Maybe youâ€™re the religious type. Maybe youâ€™re not.
Either way, you should consider accepting a special commission: becoming an evangelist . . . for faith in humanity.
It is a faith preached not with words, but with deeds.
Every time as a restaurant customer you donâ€™t respond to a delay in getting your food by yelling at your server, but by saying, â€œHey, no worries, I can see youâ€™re short-staffed.â€ Every time as a restaurant manager you preemptively say, â€œIâ€™m sorry about this wait; Iâ€™ve comped your dessert.â€
Every time as an employee you give your boss two weeks notice before quitting, even though you don’t have to. Every time as a boss you show the kind of appreciation to your workers that makes it hard to quit.
Every time as a listener you donâ€™t use someoneâ€™s differing opinion as a reason to dismiss them entirely; every time as a speaker you acknowledge, â€œActually, I was wrong about that.â€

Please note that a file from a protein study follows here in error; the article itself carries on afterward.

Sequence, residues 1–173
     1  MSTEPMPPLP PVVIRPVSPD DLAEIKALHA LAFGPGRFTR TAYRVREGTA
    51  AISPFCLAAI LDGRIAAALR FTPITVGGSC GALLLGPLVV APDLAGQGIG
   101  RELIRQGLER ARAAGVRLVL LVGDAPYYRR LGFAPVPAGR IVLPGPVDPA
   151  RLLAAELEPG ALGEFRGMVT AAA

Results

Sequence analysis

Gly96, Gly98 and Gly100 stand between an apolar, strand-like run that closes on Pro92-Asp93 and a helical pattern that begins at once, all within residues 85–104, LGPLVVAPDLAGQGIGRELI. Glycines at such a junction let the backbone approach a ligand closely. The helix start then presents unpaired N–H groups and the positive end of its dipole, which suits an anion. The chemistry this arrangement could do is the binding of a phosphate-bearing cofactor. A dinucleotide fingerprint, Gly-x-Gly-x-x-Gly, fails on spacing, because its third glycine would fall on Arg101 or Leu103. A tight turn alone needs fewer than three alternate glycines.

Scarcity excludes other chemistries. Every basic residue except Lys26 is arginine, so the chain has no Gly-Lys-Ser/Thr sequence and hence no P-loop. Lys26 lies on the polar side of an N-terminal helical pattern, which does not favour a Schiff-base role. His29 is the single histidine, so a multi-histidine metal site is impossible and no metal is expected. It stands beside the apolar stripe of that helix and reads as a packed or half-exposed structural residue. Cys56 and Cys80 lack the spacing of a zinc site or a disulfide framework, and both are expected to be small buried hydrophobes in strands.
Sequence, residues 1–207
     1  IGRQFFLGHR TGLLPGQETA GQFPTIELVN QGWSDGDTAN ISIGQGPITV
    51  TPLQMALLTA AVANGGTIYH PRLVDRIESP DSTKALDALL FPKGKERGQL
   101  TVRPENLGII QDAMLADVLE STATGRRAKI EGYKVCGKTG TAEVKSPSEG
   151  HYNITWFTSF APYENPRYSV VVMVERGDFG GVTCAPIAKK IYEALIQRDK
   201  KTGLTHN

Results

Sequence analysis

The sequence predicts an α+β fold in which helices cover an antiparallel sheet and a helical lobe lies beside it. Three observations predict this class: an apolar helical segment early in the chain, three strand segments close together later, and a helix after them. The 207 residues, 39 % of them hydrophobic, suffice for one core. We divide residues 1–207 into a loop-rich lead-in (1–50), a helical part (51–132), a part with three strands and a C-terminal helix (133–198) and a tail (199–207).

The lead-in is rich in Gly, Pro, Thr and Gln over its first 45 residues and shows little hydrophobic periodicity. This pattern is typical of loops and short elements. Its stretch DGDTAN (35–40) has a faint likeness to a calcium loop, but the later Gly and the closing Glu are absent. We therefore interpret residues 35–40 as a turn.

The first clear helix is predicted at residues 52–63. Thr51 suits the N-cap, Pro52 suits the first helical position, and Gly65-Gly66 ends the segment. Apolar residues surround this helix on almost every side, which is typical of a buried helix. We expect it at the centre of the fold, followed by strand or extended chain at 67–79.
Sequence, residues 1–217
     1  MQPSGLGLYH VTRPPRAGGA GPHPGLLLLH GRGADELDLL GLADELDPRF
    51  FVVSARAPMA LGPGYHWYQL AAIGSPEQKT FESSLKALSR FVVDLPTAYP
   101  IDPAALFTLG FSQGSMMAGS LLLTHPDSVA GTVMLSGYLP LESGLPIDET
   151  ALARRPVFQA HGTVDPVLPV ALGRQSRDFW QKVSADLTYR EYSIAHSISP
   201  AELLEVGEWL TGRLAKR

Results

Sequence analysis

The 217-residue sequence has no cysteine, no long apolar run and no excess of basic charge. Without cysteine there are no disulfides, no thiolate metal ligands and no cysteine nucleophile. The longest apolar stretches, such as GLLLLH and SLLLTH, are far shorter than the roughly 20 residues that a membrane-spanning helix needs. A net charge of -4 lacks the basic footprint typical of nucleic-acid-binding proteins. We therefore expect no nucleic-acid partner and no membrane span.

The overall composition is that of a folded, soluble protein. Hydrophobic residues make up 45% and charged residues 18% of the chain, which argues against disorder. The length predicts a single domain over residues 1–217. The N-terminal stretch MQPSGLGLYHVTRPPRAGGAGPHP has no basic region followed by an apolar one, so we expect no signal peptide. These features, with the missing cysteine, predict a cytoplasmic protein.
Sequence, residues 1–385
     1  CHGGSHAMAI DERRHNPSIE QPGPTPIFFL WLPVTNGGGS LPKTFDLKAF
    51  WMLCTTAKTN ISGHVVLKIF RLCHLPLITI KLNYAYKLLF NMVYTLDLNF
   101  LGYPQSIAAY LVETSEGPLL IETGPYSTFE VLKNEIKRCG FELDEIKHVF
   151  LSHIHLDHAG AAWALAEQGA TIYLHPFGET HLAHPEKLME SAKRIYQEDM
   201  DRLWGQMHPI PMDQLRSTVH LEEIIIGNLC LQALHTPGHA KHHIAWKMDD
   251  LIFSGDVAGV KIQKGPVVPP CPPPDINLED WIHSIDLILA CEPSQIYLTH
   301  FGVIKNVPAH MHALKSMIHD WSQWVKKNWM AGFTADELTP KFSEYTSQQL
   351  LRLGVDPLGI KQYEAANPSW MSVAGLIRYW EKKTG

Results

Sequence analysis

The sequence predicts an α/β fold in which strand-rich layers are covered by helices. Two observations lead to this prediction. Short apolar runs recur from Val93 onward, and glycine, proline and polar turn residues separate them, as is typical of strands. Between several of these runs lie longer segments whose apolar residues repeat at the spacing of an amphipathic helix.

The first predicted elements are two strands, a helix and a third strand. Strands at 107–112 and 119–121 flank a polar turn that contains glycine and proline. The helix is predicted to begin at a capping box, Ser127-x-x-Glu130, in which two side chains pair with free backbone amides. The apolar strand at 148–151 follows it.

Every time you do the right thing, even when the person on the other side of the equation doesnâ€™t, simply because itâ€™s the right thing â€” you sow the seeds of this faith.
Sometimes these seeds fall on rocky ground, are unappreciated, and fail to take root.
Very often, however, they bear a vitally needed fruit, one which buoys peopleâ€™s optimism for the future, shores up their determination to continue on this sometimes frustrating sojourn, offers a salve to a recurrent wish to be airlifted off what can seem like such a dumb, dumb planet.
The word evangelist comes from the Greek for â€œbringer of good news.â€ Would that weâ€™d all adopt this calling, labor to restore the belief that there are still decent folks out there â€” spread the good word that thereâ€™s hope for us yet.